How long can I sleep with my contact lenses in?


Have you ever wondered if you could fall asleep with your contact lenses in after an exhausting day? This is a common question within our community. Since contact lenses are a convenient solution for correcting vision problems, why not keep them in at night?

Let's explore the best practices and recommendations for sleeping with your lenses and discover how long this is possible.

Types of contact lenses 

There are mainly two types of contact lenses: those that need to be removed before sleeping and those that can be worn overnight.

Daytime wear lenses 

Most contact lenses on the market are not designed to be worn while you sleep. They must be removed before bedtime to allow your eyes to breathe and recover. Contact lenses block some of the oxygen necessary for the health of your eyes. Sleeping with lenses can increase the risks of infections, eye irritations, and dryness.

Extended wear lenses: the solution for day and night wear 

Lenses designed for extended periods, including overnight, are called continuous wear or night contact lenses. These lenses are made from materials highly permeable to oxygen, allowing your eyes to "breathe" even when you sleep.

However, it is crucial to consult your ophthalmologist before wearing these lenses, as they are not suitable for everyone. Your ophthalmologist will recommend the appropriate model and maximum wear duration.

List of products perfect for extended wear

  • Air Optix Night & Day Aqua: These lenses are designed for continuous wear for up to 29 nights, offering excellent oxygen permeability.

  • PureVision 2: Made from silicon hydrogel, they provide optimal comfort for continuous wear up to 29 nights.

  • Biofinity: Ideal for continuous wear for up to 7 nights, these lenses are made of silicone hydrogel for prolonged comfort.

Risks of sleeping with contact lenses not designed for overnight wear 

Sleeping with lenses not designed for overnight use can lead to several eye health issues:

Eye infections 

Contact lenses can trap bacteria and particles on the eye's surface, increasing the risk of infections like keratitis. This risk is particularly high if the lenses are not removed and cleaned regularly.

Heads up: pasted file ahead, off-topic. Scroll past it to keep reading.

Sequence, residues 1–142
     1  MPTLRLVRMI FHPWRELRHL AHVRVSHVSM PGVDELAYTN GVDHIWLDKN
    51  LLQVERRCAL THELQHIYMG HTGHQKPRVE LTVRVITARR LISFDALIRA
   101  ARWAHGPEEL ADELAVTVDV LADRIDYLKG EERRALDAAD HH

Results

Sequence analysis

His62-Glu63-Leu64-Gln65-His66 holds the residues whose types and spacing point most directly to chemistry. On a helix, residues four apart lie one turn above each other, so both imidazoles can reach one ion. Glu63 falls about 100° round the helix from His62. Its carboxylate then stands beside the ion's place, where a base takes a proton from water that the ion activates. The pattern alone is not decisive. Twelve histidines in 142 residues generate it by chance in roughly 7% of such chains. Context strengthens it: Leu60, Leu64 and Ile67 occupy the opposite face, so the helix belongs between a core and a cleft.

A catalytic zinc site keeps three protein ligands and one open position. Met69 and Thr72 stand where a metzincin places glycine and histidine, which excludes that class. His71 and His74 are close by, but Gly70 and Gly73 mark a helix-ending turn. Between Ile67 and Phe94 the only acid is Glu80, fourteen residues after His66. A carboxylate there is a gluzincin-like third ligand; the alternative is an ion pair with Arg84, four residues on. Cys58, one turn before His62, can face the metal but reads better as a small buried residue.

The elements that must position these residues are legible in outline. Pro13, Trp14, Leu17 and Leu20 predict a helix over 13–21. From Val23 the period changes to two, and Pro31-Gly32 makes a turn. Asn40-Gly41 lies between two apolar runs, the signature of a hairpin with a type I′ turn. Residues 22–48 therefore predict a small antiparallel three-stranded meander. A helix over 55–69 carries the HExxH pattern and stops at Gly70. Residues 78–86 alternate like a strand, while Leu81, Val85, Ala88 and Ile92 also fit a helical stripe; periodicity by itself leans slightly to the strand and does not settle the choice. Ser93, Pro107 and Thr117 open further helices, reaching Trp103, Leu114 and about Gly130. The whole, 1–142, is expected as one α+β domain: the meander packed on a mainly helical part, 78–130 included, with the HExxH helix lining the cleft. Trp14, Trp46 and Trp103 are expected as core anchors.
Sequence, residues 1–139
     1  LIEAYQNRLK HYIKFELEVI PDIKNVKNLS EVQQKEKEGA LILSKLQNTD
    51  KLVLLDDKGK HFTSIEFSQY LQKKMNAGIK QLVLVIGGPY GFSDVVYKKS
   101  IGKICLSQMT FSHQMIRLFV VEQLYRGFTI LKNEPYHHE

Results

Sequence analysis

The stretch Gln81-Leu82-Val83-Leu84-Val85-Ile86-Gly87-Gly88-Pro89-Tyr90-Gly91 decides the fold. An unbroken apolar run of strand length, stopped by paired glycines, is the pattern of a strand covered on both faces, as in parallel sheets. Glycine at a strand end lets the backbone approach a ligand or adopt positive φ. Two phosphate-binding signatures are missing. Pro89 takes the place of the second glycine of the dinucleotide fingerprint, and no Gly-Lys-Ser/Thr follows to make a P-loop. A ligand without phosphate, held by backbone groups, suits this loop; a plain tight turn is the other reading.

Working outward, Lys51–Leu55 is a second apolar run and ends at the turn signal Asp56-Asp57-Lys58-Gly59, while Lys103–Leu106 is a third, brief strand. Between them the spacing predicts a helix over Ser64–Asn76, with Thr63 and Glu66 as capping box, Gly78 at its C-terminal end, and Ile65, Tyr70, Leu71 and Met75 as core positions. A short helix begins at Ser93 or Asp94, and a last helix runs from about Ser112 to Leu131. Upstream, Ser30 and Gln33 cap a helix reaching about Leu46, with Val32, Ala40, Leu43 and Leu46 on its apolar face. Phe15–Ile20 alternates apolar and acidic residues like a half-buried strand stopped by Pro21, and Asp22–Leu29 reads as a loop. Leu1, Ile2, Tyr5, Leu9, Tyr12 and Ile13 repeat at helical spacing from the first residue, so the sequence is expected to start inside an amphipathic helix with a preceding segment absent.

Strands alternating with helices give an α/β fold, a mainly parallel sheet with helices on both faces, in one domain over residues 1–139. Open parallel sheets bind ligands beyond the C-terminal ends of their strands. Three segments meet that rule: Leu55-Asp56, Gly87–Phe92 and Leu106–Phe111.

Corneal hypoxia 

Eyes need oxygen to stay healthy, and sleeping with contact lenses can reduce the oxygen supply to the cornea, leading to corneal hypoxia. This can cause symptoms such as redness, discomfort, and, in severe cases, permanent vision damage.

Dry eyes 

Contact lenses can absorb your eyes' natural tears, causing dryness. Sleeping with lenses can worsen this issue, making your eyes even drier and more irritated upon waking up.

Recommendations for wearing lenses during sleep 

To minimize the risks associated with wearing lenses while sleeping, follow these tips:


  1. Consult your ophthalmologist: Before deciding to sleep with your lenses, consult your ophthalmologist for personalized recommendations on which lenses to use.

  2. Use extended wear lenses: If you wish to sleep with your lenses, opt only for lenses designed for extended wear.

  3. Follow wear time guidelines: Even with extended wear lenses, follow the recommended wear times by the manufacturer and your ophthalmologist. Do not exceed the maximum continuous wear duration.

  4. Maintain your lenses: Regularly clean and disinfect your lenses to reduce the risk of infections.

  5. Listen to your body: If you experience discomfort, redness, or blurry vision, immediately remove your lenses and consult a healthcare professional.


Sleeping with contact lenses can be convenient, but it is essential to know the risks and closely follow your ophthalmologist's recommendations to protect your eye health.